You know those books that you pick up and don't expect to be touched by and, after finishing, you realize you were poorly mistaken? This is one of those cases. But "City of a Thousand Dolls" won me over with its charm, however juvenile it may have seemed for other readers. I went in expecting another typical YA novel but boy was I mistaken.
"City of a Thousand Dolls" is unique with its premise. Few books come to mind that can be compared to this one in terms of level of originality. Forster created a world however that was not only spectacular in its history and diverse characters and details but she also did so with great confidence and authority that is very respectable to see in a writer. The stories of the houses, the world building and the explanation for caste rule as well as the ideas that spoke against the regime were all well interconnected with the story of our main character that it was seamless. Not too many books have been doing that lately so it was very enjoyable to read a book that finally does so.
Despite the presence of your standard YA romance I was soon proved to be wrong in this department. I predicted who the killer was but couldn't piece together the "justification" for their actions myself, and the explanations for that as well as about Nisha's past and her background were all so enjoyable to read and all so logical that I couldn't complain about them either. And the cats...ah such an adorable touch! They truly were sweethearts that made me smile whenever they came into the story.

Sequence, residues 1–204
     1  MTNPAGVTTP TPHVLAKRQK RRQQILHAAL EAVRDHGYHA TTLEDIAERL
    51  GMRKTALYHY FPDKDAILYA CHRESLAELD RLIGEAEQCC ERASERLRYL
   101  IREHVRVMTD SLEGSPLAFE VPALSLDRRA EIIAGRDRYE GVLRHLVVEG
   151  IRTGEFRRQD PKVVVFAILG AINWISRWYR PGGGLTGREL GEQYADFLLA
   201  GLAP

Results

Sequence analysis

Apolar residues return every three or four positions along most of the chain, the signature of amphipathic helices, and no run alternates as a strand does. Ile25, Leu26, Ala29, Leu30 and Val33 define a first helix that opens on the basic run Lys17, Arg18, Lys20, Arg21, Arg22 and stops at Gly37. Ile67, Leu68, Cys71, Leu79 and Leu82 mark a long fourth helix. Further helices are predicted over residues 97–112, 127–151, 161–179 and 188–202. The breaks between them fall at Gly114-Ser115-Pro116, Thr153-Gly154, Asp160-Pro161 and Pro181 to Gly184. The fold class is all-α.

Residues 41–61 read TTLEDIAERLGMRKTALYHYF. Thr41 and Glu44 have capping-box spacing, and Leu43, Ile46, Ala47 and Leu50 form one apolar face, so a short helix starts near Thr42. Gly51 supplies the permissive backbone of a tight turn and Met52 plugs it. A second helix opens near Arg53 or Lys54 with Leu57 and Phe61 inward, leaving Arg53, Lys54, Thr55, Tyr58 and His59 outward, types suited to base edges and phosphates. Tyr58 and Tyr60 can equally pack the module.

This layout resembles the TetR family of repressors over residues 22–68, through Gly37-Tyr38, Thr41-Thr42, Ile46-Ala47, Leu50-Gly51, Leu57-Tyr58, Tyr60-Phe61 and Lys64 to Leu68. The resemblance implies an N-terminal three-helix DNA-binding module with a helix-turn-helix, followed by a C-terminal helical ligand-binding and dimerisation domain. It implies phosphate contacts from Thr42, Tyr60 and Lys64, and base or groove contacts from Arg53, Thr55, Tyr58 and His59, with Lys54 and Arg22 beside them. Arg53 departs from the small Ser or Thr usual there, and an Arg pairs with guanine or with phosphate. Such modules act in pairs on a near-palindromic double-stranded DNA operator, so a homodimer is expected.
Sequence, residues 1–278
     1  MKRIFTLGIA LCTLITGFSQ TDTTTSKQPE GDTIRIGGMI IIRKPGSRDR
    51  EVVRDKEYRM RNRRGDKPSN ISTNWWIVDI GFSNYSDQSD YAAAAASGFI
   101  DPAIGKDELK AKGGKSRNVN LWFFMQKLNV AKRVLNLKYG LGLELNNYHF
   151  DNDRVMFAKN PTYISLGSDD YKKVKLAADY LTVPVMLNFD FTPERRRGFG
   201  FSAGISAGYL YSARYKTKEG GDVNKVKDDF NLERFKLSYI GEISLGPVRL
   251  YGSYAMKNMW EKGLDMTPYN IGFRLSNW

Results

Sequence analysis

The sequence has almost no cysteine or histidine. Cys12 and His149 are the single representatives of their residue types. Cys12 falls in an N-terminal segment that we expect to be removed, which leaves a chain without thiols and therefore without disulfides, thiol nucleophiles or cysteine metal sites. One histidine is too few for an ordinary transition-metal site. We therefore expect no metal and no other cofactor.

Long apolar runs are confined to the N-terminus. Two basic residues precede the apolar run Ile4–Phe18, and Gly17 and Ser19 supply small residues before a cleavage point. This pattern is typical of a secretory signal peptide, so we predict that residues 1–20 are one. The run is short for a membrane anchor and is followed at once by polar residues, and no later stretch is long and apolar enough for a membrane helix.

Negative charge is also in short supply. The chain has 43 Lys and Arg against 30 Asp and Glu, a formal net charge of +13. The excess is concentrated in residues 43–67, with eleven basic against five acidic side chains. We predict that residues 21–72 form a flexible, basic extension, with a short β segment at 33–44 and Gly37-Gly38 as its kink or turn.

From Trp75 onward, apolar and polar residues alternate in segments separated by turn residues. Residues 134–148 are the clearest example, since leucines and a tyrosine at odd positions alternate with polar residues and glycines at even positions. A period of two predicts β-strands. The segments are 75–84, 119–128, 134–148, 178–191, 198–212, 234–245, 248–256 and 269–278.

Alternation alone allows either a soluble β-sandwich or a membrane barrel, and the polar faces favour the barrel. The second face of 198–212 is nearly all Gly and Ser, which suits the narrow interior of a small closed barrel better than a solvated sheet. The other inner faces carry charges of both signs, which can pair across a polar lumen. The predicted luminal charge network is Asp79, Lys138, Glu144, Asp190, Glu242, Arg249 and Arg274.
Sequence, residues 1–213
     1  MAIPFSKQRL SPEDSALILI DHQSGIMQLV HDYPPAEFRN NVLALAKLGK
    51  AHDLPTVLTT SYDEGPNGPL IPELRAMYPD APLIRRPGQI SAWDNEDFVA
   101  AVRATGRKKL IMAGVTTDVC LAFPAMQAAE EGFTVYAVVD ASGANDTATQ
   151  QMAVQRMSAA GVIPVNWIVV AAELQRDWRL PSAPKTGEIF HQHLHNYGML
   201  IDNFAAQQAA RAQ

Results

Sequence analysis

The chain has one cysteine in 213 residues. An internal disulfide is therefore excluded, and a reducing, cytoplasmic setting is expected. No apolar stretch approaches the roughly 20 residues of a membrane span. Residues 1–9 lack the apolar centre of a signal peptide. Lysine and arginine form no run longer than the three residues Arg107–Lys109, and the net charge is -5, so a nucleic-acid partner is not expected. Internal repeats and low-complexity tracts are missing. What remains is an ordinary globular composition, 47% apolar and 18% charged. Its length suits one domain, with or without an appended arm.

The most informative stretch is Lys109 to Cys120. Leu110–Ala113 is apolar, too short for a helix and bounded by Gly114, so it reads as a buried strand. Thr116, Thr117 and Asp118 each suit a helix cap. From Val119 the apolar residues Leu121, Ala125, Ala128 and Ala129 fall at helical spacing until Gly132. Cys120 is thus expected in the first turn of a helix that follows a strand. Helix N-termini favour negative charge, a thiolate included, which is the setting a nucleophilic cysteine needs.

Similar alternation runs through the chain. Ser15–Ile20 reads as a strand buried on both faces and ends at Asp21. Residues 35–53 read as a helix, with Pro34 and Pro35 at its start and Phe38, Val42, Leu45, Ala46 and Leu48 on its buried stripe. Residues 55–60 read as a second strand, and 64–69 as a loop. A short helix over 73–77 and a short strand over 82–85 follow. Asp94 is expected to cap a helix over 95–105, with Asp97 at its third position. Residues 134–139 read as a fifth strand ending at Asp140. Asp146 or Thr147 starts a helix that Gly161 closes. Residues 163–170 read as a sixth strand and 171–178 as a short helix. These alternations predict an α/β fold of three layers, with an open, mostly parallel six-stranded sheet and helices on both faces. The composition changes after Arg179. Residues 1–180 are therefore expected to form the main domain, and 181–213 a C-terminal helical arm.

Nisha is one admirable heroine. She has the balance of bravery and a questioning, weaker underbelly that makes for a well-rounded and realistic protagonist that I think many YA novels lack. Here however it was so difficult not to sympathize with her and want to know the answer to the questions as much as she did.
It was wonderful. Truly enjoyable and light. It's by no means the next great work of literature and I think people who criticize this book do so somewhat unfairly. This book proves that there are still authors out there who write their books with good intentions, who don't just decide to jump on the bandwagon and start writing books that follow the stereotypical YA formula. This book covers diversity and the concepts of hierarchy and freedom in a way that is noticeable yet not in-your-face. It's truly admirable, and I wish more people would give this book a chance. It's a unique little gem that I'm glad to add to my personal library so I can revisit it over and over again.